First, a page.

Planning even the smallest wedding can be a massive undertaking, but marrying into the royal family is a whole other challenge. British royal wedding traditions follow a vast set of ancient rules, encompassing everything from where you can hold the ceremony to the flavor of the wedding cake. When high-profile royals get married, the ceremony becomes part of history. Millions of people watch the carriage ride to the church and scrutinize the bridal dress, hair, and overall appearance of the bride. No wonder the rules of a royal wedding are so strictly followed.
The monarchy exists because of tradition, so there's huge pressure to carry on ancient rituals. But modern royalty seems to care a (tiny) bit less about how they're wed, or about bygone marriage standards like lavish dowries. A handful of titled couples, like Queen Victoria and Prince Albert, Prince William and Catherine, Duchess of Cambridge, and Prince Harry and Meghan Markle, have either updated traditions or broken down barriers that held others back from the altar. Like everything else, royal weddings must move with the times – even if that movement is at a glacial pace.
Until 2013, British royals in the line of succession were not allowed to marry Catholics. It sounds extreme, but when you consider history, the reason why becomes more understandable. After the death of Henry VIII – who founded the Anglican church – and the brief tenure of Edward VI, Henry's his daughter Mary ascended to the throne in 1553. During her five-year reign, she went on a rampage to restore Catholicism in England. Mary had hundreds of religious dissenters burned at the stake, leading Protestants to denounce her as "Bloody Mary."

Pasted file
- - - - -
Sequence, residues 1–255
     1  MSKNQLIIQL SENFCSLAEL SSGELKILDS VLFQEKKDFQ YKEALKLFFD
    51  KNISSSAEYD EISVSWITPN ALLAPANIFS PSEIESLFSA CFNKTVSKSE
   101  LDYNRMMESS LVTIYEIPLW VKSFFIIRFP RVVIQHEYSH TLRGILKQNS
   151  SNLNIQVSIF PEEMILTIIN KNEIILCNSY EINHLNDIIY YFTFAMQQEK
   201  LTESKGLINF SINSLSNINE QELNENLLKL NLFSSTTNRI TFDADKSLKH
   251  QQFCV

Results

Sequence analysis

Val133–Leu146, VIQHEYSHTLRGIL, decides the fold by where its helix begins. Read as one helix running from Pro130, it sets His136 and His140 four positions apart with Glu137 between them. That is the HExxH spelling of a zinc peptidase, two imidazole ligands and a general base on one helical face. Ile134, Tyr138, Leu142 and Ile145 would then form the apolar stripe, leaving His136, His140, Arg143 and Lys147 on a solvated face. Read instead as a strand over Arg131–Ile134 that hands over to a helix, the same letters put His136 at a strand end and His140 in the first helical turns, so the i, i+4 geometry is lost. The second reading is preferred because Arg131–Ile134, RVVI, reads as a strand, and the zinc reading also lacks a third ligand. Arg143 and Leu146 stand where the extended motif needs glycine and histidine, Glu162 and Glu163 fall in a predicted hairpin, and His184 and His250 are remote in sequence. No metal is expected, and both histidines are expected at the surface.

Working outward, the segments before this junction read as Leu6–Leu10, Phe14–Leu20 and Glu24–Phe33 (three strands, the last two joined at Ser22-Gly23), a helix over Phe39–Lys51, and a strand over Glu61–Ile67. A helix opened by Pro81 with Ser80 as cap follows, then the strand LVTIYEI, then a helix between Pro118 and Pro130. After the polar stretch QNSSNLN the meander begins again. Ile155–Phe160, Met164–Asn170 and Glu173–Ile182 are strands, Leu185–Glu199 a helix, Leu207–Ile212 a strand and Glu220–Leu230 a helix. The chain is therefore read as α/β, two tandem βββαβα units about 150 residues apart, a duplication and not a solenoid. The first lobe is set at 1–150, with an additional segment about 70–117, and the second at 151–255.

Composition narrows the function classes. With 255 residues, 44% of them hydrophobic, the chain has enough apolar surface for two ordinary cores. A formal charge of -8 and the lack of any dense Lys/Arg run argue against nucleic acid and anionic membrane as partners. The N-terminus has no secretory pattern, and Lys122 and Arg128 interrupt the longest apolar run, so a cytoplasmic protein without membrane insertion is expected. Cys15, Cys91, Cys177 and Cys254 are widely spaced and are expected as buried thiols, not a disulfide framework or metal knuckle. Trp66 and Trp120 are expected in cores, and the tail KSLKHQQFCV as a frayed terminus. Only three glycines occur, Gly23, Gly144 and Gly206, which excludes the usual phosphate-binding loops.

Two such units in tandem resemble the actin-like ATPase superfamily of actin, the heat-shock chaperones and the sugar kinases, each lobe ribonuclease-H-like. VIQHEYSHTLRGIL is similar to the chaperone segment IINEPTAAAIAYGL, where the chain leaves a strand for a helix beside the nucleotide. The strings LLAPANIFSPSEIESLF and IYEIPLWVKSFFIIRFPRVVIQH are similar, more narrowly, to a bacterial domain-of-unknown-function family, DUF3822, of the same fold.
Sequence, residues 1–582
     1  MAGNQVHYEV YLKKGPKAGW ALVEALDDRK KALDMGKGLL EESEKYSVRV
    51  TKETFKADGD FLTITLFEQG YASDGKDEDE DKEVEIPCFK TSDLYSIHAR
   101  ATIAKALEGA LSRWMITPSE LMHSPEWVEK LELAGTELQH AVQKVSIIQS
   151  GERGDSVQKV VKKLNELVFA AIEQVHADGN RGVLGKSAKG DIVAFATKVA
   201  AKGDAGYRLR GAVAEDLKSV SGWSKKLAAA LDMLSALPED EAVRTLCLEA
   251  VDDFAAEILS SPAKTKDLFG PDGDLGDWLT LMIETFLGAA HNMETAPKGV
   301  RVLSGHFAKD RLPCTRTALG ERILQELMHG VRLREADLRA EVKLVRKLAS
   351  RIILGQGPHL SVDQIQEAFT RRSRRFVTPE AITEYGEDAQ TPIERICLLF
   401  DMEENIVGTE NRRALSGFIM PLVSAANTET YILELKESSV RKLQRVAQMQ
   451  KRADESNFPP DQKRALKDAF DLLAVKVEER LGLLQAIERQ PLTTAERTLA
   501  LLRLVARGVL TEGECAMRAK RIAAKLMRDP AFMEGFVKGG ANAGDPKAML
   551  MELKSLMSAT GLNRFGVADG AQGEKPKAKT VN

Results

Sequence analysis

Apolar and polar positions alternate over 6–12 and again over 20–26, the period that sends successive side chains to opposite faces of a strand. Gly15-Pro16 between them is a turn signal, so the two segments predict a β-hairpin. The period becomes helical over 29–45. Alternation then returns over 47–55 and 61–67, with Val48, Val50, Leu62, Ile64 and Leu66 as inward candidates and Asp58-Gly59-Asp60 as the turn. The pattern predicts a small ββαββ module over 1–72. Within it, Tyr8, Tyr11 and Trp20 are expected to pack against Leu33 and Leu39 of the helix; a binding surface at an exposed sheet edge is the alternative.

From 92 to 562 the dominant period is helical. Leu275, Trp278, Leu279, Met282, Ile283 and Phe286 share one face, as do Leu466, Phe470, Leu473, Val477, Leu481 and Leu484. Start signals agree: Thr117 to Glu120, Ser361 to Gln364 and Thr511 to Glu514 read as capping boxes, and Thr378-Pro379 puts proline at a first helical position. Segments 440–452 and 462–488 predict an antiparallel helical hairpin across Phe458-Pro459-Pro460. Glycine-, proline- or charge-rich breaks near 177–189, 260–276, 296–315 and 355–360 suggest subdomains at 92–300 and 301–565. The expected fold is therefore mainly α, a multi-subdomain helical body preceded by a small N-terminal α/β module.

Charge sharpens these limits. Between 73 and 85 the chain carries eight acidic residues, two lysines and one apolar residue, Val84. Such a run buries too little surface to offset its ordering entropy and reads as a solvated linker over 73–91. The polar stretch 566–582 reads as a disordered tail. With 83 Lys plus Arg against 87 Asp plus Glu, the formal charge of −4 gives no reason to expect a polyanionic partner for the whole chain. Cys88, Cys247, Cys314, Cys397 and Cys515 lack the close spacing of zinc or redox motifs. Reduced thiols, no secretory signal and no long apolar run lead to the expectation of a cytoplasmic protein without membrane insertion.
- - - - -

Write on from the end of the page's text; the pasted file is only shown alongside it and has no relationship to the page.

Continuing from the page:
Today, the Catholic-Protestant feud has died down. With the passage of the Succession to the Crown Act of 2013, British royals can now marry Catholics.
Meghan Markle, Duchess of Sussex, is divorced from her first husband, film producer Trevor Engelson. That means there was a possibility Queen Elizabeth would not attend her 2018 wedding to Prince Harry (however, the Queen ultimately did show up). While the Queen has loosened up about divorce over the years, she takes her role as the Supreme Governor of the Church of England very seriously; she didn't even attend her own son's wedding to divorcee Camilla Parker Bowles.
This doesn't mean the Queen disapproves of a union, however. Instead, she views her inability to attend divorcee weddings as a burden of her lofty post. "I am not able to go," the Queen apparently told a close friend at the time. "I do not feel that my position permits it."
On her wedding day, Queen Victoria carried a bouquet of snowdrops (Prince Albert’s favorite flower) containing a sprig of myrtle. Legend has it the myrtle used in her bridal bouquet was planted, and grew into a bush that has supplied every royal bride from Victoria's time on.
The truth is the myrtle originated from a nosegay presented to Victoria by Prince Albert's grandmother during a visit to his homeland of Germany years after their wedding. They brought it back, and Victoria, most likely with the help of her royal gardeners, planted it at Osborne House. The clipping thrived, and its sprigs have indeed adorned the bouquets of the royal brides who followed her.
Since the wedding of the Queen Mother in 1923, royal brides' rings have been made of Welsh gold. The same nugget supplied the gold for the rings of the Queen Mother in 1947, Princess Margaret in 1960, the Princess Royals in 1973, and Diana, Princess of Wales in 1981.
That nugget has since been used up, so the gold for Meghan Markle's ring came from a new nugget that was presented to the Queen by the British Royal Legion. This more modern nugget supplied gold for Sarah, Duchess of York's ring in 1986 and Kate Middleton's ring in 2011.